DHS looking to evolve biometrics systems

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The Department of Homeland Security announced Monday it’s looking for biometric vendors and solutions able to build upon its next-generation identity management system.

DHS’s Office of Biometric Identity Management currently links digital fingerprint, iris scan and photographic data with biographic information to enroll and later verify everyone from immigration violators to criminals to known or suspected terrorists.

IDENT, OBIM’s legacy biometric processing system, will eventually be replaced with the Homeland Advanced Recognition Technology (HART) system, which will live inside the Amazon Web Services FedRAMP-certified GovCloud.

By issuing a sources sought and request for information, DHS aims to develop an acquisition strategy and possibly prepare a future solicitation for new capabilities within OBIM’s system portfolio.

Specifically, DHS is seeking vendors able to replace examiner tools used to match biometrics captured with those OBIM stores, whether they be fingerprints, irises, faces, DNA, palm prints, voices, scars, marks, tattoos, contactless fingerprints, or other emerging methods.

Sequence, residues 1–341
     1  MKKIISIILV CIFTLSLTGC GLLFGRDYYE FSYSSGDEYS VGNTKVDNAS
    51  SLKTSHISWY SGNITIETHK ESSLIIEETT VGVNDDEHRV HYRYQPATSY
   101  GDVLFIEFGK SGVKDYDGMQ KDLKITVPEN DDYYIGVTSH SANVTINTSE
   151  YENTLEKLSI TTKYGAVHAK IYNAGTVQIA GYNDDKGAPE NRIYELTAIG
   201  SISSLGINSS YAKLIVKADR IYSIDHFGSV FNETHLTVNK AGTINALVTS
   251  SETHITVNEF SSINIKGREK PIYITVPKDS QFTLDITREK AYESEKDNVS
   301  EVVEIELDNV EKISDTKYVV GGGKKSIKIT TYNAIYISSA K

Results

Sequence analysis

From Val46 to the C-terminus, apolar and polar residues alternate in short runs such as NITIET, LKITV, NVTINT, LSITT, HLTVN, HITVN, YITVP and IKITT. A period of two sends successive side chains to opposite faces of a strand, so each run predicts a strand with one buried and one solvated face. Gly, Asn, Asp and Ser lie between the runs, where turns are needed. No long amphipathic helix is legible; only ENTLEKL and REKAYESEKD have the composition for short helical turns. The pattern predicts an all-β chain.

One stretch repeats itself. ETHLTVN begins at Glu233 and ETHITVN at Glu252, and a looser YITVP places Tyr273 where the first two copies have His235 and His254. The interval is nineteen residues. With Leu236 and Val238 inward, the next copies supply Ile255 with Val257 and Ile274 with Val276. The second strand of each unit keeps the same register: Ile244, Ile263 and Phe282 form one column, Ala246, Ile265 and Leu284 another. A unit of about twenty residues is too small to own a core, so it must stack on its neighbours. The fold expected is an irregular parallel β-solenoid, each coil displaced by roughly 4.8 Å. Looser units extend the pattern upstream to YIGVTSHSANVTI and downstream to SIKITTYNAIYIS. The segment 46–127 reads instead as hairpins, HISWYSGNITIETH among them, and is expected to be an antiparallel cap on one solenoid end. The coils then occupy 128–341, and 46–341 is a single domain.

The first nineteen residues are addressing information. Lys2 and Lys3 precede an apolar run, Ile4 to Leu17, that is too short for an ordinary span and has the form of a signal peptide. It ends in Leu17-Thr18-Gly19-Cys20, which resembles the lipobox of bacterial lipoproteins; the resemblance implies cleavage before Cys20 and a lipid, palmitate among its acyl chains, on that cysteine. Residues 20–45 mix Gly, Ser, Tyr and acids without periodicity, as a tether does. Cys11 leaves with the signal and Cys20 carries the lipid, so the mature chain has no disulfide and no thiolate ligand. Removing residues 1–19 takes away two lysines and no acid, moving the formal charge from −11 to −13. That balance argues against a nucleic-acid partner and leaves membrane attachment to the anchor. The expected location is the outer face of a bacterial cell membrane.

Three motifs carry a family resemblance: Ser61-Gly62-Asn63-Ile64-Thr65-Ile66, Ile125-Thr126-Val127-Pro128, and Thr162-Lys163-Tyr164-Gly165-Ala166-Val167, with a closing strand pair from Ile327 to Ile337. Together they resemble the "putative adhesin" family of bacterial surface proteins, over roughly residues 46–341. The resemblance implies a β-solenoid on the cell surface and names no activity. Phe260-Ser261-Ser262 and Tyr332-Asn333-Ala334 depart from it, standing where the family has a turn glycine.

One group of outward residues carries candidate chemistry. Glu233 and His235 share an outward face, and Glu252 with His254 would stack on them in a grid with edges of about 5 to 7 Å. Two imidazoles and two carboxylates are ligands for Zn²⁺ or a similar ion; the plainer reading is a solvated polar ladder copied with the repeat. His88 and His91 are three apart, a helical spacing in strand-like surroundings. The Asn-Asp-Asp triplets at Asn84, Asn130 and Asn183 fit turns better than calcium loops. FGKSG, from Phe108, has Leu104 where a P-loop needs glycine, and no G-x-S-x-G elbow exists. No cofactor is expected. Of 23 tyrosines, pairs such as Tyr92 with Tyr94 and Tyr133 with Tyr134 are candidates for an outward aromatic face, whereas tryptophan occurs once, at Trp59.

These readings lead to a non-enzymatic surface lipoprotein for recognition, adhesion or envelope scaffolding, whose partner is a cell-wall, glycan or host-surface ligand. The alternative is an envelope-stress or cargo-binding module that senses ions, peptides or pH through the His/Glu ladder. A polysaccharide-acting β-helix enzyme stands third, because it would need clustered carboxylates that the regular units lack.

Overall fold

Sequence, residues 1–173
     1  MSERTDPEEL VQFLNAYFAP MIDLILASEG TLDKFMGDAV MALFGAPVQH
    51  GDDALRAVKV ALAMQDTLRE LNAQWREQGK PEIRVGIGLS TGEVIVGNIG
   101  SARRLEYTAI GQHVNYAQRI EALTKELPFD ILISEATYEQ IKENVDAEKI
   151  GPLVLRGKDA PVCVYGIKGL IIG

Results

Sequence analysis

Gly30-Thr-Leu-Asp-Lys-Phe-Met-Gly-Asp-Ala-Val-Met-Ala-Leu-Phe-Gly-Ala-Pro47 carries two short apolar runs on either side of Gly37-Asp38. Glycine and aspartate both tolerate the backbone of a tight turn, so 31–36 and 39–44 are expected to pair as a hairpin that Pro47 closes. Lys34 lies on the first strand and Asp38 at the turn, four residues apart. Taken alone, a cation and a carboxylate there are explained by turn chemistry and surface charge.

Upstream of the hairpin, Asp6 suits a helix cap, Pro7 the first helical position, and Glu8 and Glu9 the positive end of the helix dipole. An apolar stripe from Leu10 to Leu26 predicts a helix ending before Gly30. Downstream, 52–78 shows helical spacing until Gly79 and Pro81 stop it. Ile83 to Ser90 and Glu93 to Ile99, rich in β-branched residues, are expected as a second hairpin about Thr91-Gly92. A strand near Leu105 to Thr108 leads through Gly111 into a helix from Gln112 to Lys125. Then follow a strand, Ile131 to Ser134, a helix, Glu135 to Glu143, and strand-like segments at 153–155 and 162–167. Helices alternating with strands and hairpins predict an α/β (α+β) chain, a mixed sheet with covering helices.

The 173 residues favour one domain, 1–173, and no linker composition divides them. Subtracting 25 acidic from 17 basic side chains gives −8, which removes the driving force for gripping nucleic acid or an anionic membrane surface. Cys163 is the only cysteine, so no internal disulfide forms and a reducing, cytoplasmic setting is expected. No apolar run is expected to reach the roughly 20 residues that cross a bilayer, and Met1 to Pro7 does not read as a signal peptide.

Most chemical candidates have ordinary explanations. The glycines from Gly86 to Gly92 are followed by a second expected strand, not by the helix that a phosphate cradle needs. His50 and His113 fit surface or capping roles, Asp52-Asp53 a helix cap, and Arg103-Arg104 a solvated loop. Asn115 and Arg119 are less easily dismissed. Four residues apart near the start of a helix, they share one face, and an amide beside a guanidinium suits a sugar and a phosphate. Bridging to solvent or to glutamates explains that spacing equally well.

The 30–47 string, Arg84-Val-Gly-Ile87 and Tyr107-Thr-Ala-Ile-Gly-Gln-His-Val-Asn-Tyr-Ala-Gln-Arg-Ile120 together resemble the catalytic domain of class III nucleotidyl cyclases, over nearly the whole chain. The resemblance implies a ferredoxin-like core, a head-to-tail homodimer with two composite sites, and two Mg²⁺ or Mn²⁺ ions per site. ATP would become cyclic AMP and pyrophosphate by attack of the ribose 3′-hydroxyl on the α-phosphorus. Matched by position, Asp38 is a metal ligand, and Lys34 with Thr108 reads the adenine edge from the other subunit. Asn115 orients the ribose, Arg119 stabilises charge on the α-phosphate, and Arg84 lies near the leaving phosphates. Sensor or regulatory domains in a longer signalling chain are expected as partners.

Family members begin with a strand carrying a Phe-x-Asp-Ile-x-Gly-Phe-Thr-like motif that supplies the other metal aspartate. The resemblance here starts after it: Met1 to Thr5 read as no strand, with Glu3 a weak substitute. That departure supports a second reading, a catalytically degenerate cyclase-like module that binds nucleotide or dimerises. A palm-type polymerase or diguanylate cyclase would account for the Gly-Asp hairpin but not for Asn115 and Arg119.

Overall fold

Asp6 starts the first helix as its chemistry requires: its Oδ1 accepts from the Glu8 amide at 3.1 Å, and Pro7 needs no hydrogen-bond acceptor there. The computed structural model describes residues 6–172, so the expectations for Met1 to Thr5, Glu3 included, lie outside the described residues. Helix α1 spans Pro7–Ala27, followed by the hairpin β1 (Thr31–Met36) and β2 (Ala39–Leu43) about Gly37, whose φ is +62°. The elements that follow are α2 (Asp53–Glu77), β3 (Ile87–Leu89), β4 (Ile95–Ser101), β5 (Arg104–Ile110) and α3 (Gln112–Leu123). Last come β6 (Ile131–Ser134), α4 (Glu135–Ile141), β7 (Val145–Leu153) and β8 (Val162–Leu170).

The department wants vendors to develop a web portal, analytics in PostgreSQL and Amazon S3 databases for operations like fraud detection and mobile apps. Additionally, DHS is eyeing identity search, matching and retrieval capabilities to develop comprehensive profiles of the people it monitors.

A separate RFI portion details solutions the department seeks for automated testing, accelerated software development, reporting, cloud security, and maintenance.

Within DHS, OBIM’s biometric systems are used by Customs and Border Protection, the Transportation Security Administration, the Federal Emergency Management Agency, Immigration and Customs Enforcement, the Coast Guard, Citizenship and Immigration Services, and the Secret Service.

Outside DHS, the Department of Justice’s Next Generation Identification system; Department of Defense’s Automated Biometric Information System; State Department’s Consular Consolidated Database; and state, local and foreign governments all leverage OBIM’s shared data in counterterrorism efforts.

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Acquisition, biometrics, counter terrorism, Department of Homeland Security (DHS), homeland advanced recognition technology, identity and access management (IAM), Immigration, office of biometric identity management